Sync’ up! … without getting drained

jan 18

Dear mainstream media

In lieu of the recent allegations that Russian hackers did X, Y, & Z in the last U.S. Presidential elections, I would like to set the record straight: the word ‘hacker’ means a few things.

In the computer coding world, a great hack means using your brain to come up with a solution to the problem at hand. But such problems are generally not law-breaking in nature.

When I say I’m a hacker, that doesn’t mean that I break into anything. Not at all. In fact, people like me use the word hacker interchangeably with the word coder.

Many meanings

A computer programmer is called a hacker. But guess what? — so is someone who cracks a bike-lock using a clever trick. Or, indeed, someone who compromises a server with a tool to gain unauthorized access is also a hacker. Indeed, there are a few threads to the word.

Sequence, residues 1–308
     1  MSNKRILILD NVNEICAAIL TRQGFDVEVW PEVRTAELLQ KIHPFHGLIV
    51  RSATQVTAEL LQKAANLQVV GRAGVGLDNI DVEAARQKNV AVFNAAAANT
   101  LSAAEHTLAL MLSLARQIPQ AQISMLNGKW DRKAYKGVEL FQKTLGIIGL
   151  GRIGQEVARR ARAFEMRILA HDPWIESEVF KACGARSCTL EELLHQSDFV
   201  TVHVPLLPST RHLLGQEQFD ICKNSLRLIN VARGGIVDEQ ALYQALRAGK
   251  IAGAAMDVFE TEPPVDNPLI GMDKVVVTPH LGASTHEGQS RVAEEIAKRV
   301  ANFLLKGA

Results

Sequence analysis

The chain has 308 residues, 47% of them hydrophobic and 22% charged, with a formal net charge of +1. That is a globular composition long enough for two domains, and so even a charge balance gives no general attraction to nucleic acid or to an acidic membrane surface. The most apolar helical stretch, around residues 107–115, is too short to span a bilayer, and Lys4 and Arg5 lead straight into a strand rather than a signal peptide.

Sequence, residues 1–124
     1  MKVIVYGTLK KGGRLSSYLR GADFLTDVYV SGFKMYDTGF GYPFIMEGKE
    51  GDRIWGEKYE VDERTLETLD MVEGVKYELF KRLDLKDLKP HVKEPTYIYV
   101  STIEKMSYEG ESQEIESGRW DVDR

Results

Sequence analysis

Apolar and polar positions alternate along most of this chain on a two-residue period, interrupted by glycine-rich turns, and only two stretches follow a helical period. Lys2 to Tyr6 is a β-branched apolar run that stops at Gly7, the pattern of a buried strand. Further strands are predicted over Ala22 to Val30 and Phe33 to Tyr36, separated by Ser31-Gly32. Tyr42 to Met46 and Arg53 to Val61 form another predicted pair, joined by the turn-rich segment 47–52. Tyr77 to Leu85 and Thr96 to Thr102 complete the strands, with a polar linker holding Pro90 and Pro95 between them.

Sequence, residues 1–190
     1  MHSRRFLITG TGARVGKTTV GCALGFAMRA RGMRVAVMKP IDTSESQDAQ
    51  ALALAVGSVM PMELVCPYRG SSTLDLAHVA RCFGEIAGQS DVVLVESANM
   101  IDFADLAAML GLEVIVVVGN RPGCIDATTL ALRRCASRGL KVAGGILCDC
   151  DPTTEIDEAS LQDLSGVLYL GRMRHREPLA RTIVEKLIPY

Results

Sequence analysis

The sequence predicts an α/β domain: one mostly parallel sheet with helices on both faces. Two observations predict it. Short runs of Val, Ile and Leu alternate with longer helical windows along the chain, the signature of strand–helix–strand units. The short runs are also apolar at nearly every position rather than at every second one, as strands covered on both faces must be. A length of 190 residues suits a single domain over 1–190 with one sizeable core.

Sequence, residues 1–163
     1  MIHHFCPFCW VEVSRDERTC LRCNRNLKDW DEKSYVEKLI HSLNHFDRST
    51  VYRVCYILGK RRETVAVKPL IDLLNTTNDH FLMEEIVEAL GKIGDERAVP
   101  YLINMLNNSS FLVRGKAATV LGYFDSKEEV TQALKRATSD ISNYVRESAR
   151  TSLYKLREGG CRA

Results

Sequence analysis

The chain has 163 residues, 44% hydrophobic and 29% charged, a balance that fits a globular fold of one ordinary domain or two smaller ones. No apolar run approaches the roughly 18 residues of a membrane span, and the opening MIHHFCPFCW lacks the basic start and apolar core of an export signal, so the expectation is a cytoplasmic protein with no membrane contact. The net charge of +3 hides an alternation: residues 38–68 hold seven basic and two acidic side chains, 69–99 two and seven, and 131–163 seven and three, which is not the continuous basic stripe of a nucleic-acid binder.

The word is a slippery one, but all too often, ‘hacker’ gets thrown around to mean one thing: a computer whiz who performs mean-spirited or illegal things with their skills.

But 9,999 times out of 10,000, coding is a benign activity.

On average

Believe it or not, coding is a craft; one could liken a nice morsel of code to that of a quaint clay bowl made by hand. So needless to say, it wouldn’t be correct to cast a master hacker, generally, in a dark shadow.

So — writers & talking heads of the mainstream news world — the next time you utilize the word ‘hacker,’ just know that it doesn’t often mean what you think it does; not now, nor in the past.

And coders out there, don’t be sheepish: call yourselves hackers; it’s our word & we ought not shy away from language that may best define us.